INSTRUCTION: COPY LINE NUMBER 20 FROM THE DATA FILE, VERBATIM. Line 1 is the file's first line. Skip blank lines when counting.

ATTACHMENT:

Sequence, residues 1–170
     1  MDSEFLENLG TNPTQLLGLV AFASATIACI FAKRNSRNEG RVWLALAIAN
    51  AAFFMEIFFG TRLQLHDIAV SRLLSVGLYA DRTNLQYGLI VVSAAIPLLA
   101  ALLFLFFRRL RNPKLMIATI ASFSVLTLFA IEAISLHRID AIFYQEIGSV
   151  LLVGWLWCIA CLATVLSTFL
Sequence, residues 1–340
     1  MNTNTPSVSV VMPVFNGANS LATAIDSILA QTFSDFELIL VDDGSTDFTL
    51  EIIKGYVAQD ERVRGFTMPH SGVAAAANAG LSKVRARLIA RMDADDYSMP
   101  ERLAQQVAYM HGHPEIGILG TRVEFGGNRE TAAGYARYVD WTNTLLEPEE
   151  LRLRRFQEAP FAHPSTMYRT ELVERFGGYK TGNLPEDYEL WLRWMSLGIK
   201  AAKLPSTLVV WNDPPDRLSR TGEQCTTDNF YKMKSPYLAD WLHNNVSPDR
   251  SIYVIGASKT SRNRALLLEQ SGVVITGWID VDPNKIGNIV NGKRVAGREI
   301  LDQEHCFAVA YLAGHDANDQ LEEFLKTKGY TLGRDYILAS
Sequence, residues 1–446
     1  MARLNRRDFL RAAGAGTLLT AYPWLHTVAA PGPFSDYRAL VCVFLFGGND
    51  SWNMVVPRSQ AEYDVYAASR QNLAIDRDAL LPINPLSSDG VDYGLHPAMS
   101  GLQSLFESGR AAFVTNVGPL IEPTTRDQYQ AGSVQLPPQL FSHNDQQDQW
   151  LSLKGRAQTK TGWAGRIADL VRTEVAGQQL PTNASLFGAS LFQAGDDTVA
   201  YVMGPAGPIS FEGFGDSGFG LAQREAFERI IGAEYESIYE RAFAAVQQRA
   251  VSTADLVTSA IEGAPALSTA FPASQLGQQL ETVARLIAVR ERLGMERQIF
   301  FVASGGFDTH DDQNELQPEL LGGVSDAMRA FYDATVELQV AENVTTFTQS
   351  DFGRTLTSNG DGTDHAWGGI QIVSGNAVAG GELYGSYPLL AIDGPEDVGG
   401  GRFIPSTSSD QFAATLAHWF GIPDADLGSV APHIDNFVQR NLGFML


   251  VSTADLVTSA IEGAPALSTA FPASQLGQQL ETVARLIAVR ERLGMERQIF